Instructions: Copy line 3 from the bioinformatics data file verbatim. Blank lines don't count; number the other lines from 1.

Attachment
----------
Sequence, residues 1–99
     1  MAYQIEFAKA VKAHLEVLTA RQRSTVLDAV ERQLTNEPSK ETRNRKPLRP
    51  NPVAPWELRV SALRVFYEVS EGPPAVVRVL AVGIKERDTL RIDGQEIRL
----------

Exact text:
    51  NPVAPWELRV SALRVFYEVS EGPPAVVRVL AVGIKERDTL RIDGQEIRL